Did you know that chess is the oldest skill game on earth? Chess can tell you a fantastic deal about how people lived in medieval times.
When you have a look at the way a chessboard is put up and study the pieces and how they are utilized, you will realize that chess is a mini-history of medieval times.
The six chess pieces on the board represent a cross-section of life with its numerous ceremonies, grandeur and wars. Chess has been played in China, India and Persia, but concepts vary about its country of origin.
Throughout all Europe, chess quickly spread through a succession of invasions. Europeans gave chess pieces the titles today, we know, to signify the way that they lived. The titles represent the manner in which both regular people and people of rank lived their own lives.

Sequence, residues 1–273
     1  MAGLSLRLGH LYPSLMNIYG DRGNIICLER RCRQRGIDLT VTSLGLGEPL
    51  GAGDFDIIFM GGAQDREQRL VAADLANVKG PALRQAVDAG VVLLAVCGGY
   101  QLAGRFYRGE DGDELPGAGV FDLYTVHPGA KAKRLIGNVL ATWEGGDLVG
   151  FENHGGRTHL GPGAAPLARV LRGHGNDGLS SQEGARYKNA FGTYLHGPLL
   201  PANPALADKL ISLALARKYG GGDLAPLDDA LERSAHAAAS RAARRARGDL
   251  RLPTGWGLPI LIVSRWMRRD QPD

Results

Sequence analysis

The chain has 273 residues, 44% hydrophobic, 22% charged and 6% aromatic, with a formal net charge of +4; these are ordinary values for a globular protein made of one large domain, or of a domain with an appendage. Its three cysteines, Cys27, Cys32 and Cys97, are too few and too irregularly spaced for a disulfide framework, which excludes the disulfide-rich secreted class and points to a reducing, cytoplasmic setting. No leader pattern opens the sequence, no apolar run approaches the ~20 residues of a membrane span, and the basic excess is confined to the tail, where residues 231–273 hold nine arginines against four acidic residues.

The pawns on the chessboard represent serfs, or laborers. There are far more of these and frequently they’re sacrificed to save the pieces.
In medieval times, serfs were believed no longer than a property of landowners, or chattel. Life was brutally hard for serfs. They have been left unattended while wars raged round them. They are traded, used as a diversion, or perhaps sacrificed to allow landowners to escape injury.
The castle piece on a chessboard is the refuge, or the home, just as it was a house in medieval times.
In chess, each side has two castles, or rooks since they are sometimes called.